She'll be the most distant heir I think on this case.
David Hadley is sent to go out and visit them.
We're up to date with all the half blood.
'The person you're seeing is a Kathleen.
'She'd be the daughter of Christopher Larter
'and her father died about 1972-3.
'She's got a brother, Christopher, so she'll give you the information I hope.'
-All right then.
-'I'll catch up with you tomorrow then. Good luck.'
-All right, David.
We've got three travellers out, one's gone all the way down to Devon.
Another one's up in Suffolk.
Another one's in Middlesex
and then going on to hopefully St Albans later.
We shall see.
I think this has gone quite well. I'm quite pleased with it.
Research-wise, it's gone very well.
Unless we missed something, which is always a possibility.
But hopefully David's charming everybody.
It's 5pm and the office is wrapping up for the day.
But there's still a long evening ahead for David Hadley.
He's arrived at the house of Charles Larter's great-granddaughter Kathleen.
She'd be Roy Reid's great half-niece.
She's still taking in the news of her long-lost relative.
I don't know whether he explained to you what this is all about,
but basically Fraser & Fraser are a company of probate researchers.
We're working on a case at the moment and we believe that you're related
to the deceased and as such are entitled to a share of his estate.
I don't know how much you know about your family.
I actually lost touch with that side of the family
from the age of about 10 or 11.
Oh, right. Some questions about your father then.
-Do you know what his surname was?
And how about your grandfather? What do you know about him?
-Just that his name was Ron, Ronald.
And I think he had a brother, Dennis.
So far as we know at the moment there was Dennis,
there was Joan, there was Olive,
there was Ronald, which would be your grandfather,
Muriel, Elizabeth and Peter.
In fact, the deceased is half blood related to them.
The news about Roy has come as a big surprise to Kathleen.
It was quite a bombshell.
Coming home from work today and receiving a phone call...
..making me think about the past
and my family and things that I had forgotten really.
But, you know, if I stand to gain anything then that's great.
With one successful visit over, David Hadley heads over
to his second heir, Kathleen's brother, Christopher.
Your father was Christopher Larter, which you've confirmed.
-He had a brother, Terry.
-And a sister, Christine.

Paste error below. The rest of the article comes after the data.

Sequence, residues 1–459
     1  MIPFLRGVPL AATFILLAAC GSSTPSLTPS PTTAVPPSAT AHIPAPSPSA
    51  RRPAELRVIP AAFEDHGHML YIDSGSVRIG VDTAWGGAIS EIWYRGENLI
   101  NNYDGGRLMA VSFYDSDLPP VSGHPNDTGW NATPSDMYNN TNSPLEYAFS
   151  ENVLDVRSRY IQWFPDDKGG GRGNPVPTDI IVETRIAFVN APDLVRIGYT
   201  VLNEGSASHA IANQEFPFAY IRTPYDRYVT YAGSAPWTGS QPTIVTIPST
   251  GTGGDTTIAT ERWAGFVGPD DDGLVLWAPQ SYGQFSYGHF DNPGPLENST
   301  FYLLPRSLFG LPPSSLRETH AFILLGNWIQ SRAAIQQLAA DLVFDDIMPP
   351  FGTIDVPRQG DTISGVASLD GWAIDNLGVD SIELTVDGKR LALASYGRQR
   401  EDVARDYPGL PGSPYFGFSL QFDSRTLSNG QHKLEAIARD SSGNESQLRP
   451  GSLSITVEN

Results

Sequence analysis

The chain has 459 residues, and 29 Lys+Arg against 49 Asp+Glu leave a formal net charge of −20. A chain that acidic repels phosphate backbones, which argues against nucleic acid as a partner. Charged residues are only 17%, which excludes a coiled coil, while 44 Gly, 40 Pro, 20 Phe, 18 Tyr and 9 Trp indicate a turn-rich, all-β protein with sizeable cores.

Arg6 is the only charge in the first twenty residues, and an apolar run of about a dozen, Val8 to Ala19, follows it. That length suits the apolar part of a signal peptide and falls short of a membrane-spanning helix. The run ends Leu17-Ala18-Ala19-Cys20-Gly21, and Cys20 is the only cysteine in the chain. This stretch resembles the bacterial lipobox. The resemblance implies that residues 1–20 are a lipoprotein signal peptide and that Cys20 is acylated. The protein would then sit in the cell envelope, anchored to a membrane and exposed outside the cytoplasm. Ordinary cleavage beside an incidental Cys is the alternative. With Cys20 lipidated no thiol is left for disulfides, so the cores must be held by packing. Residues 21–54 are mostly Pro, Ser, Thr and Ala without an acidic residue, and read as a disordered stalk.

-They always called her Tina.
Then we've got your father's father was Ronald, Ronald Larter.
Yeah, Ron who died a couple of years ago.
Yeah. Then this is to do with a half-brother that Ron had.
Thank you very much, bye-bye.
-And you. Bye bye.
David is finally wrapping up after two good meetings.
I'm feeling quite good now.
It's been a long day but it's been worth it
and I think it's a job well done,
so I'm now going to make my way home again.
Both the heirs David met signed up with him, which means the company
will work on their behalf until they receive their inheritance money.
However, Bob and Ewart weren't so lucky.
In the end the heirs didn't give them their business, despite all of their hard work.
All in all the researchers in less than 24 hours have found
a remarkable eight heirs for Roy, a man thought to have no family.
It's been a productive day even after a slow start.
Changing from one tack to another is always a bit frustrating because you realise how much wasted work
you've done and in this case we had three or four hours of wasted work
with all of our researchers prior to switching to the right family,
and then within 20 minutes, we had found the first address
and we've got several children, all of which are now up-to-date, we found addresses for.
Indeed he still had two half sisters still alive.
I question whether they actually knew that their father
had had another son from another relationship,
but we'll find out in the long run, I suppose.
And for Roy Reid, his £200,000 estate will be going to a family
he probably never knew he had, and is his final act of generosity.
He was a very private man but he was also a very caring man
and he was a giver rather than a taker.
If you'd like to find out more
about how to build a family tree or write a will, go to...